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However, all that case law, every one of those burdens and every aspect of that European legislation depend on one thing only—the legislative supremacy of this House in passing the European Communities Act . As a consequence, it is open to our judiciary—as in the different context of the Human Rights Act 1998—to interpret and apply that law. That is solely, exclusively and entirely because of the European Communities Act passed by this House. If this House decides that it wishes to make changes, by whatever procedure, it is incumbent on the judiciary to give effect to that subsequent inconsistent law, provided it is express and unambiguous. That case law is laid down unequivocally
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by Lord Denning in the case of McCarthy’s v. Smith, by Lord Justice Laws in the case of the metric martyrs and by Lord Steyn himself in a lecture in 1996.

There are so many misunderstandings about the role of the judiciary in these matters. So much confusion is created by invoking the principles of Community law when we are dealing with, and must continue to insist on, the principles of United Kingdom constitutional law. From the earliest days of the 17th century, in a constant movement towards the establishment of the democratic Parliament that we have today, that has been dependent on the fact that we legislate and the judges obey. I do not mean that in a derogatory sense; it is what the judges say of their own function.

I mentioned Lord Steyn. He is well known as a distinguished lawyer, with—I would say—some influence, and with strong views about the European Community. We understand that he is enthusiastic about it. In a lecture that he gave in 1996, however, he made his opinion abundantly clear. He said

Mr. Heath: It is always worth listening carefully to the hon. Gentleman. I agree entirely with his point about legislative supremacy in the context of the European Communities Act 1972, and, as he knows, I agree largely with what he says about the proper application of subsidiarity and excessive regulation. However, he has posed a conundrum to both the Liberal Democrats and his own Front Benchers, who in Committee supported new clause 7, which excluded the European Communities Act from consideration of the procedural device that the Government propose. We agreed that it was not a matter that should undergo the fast-track procedure. Now the hon. Gentleman is inviting us to place it squarely and centrally in the fast-track procedure. As I think he will recognise, that poses a great difficulty both to us and to the hon. Member for North-East Hertfordshire (Mr. Heald).

Mr. Cash: I hear what the hon. Gentleman says, but what I am trying to do is to invoke T.S. Eliot’s famous observation that humankind finds it very difficult to deal with reality.

Mr. Heald: I think my hon. Friend will agree that using the order-making power to amend the European Communities Act 1972 might be a bit strong, even for him. Is not his point that, if a procedure allows us to change the law in this country and if there is a principle of sovereignty, it is open to our Parliament to use that procedure to change laws that affect our European Union treaty obligations? Of course, whether that is a good idea is a different question, and it is possible that my right hon. and learned Friend the Member for Rushcliffe (Mr. Clarke) and I would not make the same judgment as my hon. Friend. In terms of the sovereignty of Parliament, though, it must be right for us to be able to change laws that break EU treaty obligations. It is just that it is probably not a very good idea.

Mr. Cash: My hon. Friend has put the case well from his point of view. Looking at the complexion of this Government, I should not have thought that there was a cat in hell’s chance of their using the fast-track procedure in any way to affect the European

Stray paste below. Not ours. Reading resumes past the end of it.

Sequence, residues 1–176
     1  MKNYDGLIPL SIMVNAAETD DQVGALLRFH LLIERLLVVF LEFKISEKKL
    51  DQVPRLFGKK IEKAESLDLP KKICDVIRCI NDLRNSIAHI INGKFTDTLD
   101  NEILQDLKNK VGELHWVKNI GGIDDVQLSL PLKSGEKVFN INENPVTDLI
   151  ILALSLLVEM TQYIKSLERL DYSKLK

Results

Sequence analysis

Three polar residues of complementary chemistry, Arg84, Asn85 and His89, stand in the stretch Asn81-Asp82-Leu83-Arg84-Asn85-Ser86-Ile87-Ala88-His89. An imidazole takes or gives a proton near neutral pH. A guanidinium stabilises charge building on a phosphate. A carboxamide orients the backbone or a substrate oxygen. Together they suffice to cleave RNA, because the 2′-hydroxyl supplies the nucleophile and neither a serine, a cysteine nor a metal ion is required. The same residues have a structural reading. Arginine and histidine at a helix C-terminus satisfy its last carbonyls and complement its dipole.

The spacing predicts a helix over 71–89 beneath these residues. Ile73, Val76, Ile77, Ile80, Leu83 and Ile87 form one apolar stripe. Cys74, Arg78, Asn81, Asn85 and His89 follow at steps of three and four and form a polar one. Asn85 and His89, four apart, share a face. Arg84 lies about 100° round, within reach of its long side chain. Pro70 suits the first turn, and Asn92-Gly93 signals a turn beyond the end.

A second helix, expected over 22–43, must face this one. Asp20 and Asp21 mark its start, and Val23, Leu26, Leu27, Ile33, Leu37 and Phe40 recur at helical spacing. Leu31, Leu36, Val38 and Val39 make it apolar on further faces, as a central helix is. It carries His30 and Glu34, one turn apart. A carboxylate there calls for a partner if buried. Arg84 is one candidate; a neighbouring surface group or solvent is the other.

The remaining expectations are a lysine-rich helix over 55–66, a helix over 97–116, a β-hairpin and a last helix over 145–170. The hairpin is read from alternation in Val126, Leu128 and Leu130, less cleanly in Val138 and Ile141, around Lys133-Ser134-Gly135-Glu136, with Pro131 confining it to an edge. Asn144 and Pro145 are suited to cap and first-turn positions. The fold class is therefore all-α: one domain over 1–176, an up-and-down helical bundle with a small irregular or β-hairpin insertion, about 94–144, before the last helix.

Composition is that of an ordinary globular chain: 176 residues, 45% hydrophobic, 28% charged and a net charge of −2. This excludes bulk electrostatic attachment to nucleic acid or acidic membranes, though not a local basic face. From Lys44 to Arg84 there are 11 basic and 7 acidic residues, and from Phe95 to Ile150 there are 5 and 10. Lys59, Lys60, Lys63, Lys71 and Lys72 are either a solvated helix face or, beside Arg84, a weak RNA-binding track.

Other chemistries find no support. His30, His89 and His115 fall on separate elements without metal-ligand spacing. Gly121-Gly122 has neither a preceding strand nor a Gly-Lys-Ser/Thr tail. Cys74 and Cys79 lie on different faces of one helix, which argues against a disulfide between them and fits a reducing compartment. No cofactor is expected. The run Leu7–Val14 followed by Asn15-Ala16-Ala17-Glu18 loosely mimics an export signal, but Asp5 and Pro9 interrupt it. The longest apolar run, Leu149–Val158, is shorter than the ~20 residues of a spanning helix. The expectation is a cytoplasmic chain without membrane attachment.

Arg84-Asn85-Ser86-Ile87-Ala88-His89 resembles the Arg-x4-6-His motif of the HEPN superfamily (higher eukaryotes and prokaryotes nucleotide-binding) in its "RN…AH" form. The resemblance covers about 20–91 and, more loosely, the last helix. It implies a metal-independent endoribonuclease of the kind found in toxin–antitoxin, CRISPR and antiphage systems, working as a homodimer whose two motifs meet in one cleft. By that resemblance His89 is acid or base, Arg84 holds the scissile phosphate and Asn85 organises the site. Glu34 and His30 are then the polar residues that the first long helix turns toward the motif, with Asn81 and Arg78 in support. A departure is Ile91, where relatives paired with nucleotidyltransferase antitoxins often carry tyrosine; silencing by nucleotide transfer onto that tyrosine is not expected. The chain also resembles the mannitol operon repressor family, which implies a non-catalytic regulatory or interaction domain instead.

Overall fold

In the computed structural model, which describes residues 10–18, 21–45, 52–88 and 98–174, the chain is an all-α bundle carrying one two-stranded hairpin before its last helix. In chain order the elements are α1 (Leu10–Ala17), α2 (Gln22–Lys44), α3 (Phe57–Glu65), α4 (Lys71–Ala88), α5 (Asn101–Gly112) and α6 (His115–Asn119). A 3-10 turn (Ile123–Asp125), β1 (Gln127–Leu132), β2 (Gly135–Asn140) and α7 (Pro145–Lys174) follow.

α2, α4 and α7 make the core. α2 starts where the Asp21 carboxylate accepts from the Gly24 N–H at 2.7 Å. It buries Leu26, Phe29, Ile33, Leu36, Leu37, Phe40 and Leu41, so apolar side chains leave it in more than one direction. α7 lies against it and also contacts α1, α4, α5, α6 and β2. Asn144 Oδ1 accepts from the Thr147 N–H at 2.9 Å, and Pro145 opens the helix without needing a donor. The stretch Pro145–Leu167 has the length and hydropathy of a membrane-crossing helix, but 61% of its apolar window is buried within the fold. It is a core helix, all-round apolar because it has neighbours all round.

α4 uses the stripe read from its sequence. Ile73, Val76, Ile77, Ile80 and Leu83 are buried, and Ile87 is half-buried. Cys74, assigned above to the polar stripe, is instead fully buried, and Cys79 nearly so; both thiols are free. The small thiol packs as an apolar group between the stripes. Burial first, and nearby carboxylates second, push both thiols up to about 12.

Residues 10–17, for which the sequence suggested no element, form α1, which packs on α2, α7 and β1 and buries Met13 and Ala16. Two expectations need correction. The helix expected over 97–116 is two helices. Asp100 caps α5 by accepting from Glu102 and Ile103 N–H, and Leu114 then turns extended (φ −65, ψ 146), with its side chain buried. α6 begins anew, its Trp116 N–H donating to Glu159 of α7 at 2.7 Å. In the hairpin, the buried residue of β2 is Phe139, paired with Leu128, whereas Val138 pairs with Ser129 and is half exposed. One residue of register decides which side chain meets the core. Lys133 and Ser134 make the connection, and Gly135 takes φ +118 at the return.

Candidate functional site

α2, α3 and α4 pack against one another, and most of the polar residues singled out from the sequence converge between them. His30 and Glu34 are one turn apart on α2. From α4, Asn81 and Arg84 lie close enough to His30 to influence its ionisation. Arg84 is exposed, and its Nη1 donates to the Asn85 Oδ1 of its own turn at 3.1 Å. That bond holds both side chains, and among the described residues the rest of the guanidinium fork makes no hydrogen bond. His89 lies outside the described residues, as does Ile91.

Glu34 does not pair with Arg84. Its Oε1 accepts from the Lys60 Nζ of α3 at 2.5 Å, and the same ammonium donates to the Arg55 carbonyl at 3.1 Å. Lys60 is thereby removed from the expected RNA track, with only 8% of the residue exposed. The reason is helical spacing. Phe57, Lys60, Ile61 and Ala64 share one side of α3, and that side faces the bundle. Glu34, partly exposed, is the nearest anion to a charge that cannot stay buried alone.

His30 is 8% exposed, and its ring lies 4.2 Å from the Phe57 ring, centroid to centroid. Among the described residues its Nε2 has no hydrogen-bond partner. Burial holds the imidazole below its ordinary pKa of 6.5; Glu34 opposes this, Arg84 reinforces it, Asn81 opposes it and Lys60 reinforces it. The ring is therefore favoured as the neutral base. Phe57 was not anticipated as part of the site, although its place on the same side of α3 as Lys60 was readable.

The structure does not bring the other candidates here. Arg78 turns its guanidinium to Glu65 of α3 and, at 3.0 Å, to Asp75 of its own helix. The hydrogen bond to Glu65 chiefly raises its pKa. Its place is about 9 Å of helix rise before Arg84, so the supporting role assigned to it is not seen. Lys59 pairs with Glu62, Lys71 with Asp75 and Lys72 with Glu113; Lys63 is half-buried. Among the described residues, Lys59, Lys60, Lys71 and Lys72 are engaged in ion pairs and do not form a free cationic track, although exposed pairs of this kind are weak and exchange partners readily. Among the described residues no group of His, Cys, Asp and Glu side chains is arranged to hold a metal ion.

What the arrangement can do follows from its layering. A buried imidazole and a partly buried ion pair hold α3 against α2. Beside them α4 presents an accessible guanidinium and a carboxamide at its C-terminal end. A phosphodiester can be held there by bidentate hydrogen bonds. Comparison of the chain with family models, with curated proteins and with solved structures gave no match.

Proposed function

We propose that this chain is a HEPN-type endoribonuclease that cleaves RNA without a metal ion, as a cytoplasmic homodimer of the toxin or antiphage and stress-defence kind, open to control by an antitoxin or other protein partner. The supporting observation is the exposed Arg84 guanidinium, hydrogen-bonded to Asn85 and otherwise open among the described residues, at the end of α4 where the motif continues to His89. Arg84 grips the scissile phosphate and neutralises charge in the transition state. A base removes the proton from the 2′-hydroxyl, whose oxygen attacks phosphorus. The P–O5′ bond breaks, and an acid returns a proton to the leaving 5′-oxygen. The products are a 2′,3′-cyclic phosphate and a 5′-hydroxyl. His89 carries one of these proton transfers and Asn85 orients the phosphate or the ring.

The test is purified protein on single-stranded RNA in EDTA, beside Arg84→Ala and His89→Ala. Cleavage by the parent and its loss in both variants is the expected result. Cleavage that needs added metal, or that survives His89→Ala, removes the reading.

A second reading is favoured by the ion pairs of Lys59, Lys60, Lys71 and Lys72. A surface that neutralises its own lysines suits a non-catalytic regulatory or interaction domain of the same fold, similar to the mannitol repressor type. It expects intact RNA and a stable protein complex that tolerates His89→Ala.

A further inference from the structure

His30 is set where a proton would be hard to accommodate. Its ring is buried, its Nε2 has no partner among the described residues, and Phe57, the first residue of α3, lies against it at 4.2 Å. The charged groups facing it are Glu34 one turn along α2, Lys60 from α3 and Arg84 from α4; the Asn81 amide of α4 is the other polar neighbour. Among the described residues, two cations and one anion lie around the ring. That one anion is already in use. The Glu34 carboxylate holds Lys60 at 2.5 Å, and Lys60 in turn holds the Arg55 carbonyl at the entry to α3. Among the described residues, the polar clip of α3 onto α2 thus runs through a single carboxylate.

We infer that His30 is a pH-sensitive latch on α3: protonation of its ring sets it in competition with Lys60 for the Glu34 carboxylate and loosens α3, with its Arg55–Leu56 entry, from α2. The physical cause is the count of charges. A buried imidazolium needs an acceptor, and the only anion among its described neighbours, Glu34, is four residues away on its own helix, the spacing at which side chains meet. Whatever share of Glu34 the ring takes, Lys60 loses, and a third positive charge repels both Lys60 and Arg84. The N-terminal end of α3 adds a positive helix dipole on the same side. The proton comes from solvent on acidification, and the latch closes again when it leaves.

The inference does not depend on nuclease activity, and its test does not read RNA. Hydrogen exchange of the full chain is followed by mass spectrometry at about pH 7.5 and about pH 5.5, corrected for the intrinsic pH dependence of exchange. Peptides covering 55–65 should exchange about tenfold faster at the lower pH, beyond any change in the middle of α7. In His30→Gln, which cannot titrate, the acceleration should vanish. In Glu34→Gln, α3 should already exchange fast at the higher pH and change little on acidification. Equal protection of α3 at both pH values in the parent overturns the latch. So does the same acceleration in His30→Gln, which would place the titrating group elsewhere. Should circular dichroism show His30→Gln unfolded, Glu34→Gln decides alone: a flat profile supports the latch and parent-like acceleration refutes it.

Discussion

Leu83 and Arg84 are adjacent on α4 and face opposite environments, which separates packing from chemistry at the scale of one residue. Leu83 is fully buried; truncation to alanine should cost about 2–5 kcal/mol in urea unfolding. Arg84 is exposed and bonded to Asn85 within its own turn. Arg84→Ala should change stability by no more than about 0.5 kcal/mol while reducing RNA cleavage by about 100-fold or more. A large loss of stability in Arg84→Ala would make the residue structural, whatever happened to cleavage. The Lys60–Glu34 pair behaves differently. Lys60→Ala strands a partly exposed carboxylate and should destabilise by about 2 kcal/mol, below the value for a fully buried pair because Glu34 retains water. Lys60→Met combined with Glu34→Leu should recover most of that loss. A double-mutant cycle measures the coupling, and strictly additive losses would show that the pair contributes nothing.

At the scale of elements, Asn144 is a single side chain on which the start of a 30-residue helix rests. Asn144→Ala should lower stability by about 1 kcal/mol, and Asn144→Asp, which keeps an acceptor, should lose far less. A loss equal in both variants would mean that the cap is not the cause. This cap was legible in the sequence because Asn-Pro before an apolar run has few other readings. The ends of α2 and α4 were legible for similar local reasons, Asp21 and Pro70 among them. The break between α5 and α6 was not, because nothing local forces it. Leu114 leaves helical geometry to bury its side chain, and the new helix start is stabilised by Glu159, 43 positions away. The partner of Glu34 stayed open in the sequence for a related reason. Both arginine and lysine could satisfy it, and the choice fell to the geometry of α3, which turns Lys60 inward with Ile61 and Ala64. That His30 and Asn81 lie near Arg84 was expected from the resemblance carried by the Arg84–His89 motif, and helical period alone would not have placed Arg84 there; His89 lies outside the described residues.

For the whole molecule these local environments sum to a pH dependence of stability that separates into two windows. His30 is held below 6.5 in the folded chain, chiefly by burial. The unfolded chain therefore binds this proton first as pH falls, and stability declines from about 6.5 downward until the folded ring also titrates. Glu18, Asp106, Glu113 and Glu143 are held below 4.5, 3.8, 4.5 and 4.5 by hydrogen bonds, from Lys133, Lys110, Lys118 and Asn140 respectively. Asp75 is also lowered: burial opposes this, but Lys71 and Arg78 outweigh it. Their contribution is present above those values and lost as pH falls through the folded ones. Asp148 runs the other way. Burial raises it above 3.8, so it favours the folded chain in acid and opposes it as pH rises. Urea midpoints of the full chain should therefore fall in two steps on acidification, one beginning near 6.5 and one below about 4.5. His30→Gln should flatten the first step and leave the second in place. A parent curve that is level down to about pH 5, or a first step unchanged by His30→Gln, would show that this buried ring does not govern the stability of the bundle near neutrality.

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legislation, but the case that I have made in respect of the burden on business is unanswerable, as is my observation that it is not included in the package. I do not expect the Government to take it up, but my hon. Friend is right to point out that if we are to be correct and accurate in regard to our constitutional position in UK law, and in the context of the legislative supremacy of Parliament, it is incumbent on us to recognise the issues and to recognise that, through a process of absorption, osmosis and camouflage, they have been overtaken. People have come to believe that everything is set in concrete. It is not, and that is part of the point of my new clause.

Mr. Shepherd: My hon. Friend is right, especially in one respect. The new clause demonstrates clearly to those who are persuaded by the reasons given for membership of the European Communities that they can be changed and irrevocably broken by a statutory instrument. That is what is wrong with the Bill.

Mr. Cash: Indeed. It is undesirable that fast-track procedures should be regarded as the best way to go about things—we have been through the argument already, and we may well vote against that proposal on Third Reading—but it is important to establish and reassert a principle. We have not had many opportunities to do that in the context of a substantive Government Bill to which amendments can be tabled for purposes of clarity.

Let me say this to my right hon. and learned Friend the Member for Rushcliffe, a distinguished chairman of the Conservative party’s democracy commission. It would not be good enough to assert—if he were to do so—that what I propose is not possible through the legislative supremacy of the House of Commons. He cannot avoid the fact that what I am saying is good constitutional law of the United Kingdom.

Mr. Kenneth Clarke: My hon. Friend is a long-standing opponent of section 2, in particular, of the European Communities Act. Surely it is open to any Government to introduce legislation to repeal that section, if they so wish. My hon. Friend and I would disagree on the desirability of such a measure, but a proper way of dealing with the issue would be to present primary legislation—which, I would hope, would be debated at the same length as the original legislation—on the Floor of the House of Commons. My hon. Friend is a great parliamentarian, and I cannot understand why he of all people should suggest that no more than the Bill and a statutory instrument should be employed to enact a drastic measure on which he and I will not reach speedy agreement.